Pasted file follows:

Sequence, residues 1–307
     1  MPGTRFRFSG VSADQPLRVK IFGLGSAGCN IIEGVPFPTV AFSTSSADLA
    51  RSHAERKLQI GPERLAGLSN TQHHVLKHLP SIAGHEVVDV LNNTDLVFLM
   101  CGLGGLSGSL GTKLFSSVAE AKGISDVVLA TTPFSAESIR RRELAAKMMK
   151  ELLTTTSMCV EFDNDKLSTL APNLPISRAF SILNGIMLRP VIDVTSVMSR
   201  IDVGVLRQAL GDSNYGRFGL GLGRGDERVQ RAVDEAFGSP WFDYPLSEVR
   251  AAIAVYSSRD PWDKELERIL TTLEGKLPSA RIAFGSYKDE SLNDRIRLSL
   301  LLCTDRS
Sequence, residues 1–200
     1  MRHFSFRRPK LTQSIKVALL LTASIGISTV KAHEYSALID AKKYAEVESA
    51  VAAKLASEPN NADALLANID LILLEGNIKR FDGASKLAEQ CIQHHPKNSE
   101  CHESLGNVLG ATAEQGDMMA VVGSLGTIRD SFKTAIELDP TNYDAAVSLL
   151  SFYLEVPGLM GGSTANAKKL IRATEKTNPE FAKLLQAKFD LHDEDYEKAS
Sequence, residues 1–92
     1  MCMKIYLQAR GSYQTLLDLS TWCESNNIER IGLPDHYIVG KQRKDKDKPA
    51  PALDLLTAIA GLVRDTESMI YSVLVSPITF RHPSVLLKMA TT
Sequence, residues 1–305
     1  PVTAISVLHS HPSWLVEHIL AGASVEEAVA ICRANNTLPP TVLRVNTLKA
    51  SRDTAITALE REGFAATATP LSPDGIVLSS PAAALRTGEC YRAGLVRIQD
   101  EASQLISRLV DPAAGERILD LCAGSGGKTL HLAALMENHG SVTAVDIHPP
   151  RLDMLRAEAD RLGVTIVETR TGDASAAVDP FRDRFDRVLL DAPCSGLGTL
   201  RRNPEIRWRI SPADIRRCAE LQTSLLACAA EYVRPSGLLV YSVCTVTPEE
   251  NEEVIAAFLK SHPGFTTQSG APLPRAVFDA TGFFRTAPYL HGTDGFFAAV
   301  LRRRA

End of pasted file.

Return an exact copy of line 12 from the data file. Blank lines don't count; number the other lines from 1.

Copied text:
   101  CHESLGNVLG ATAEQGDMMA VVGSLGTIRD SFKTAIELDP TNYDAAVSLL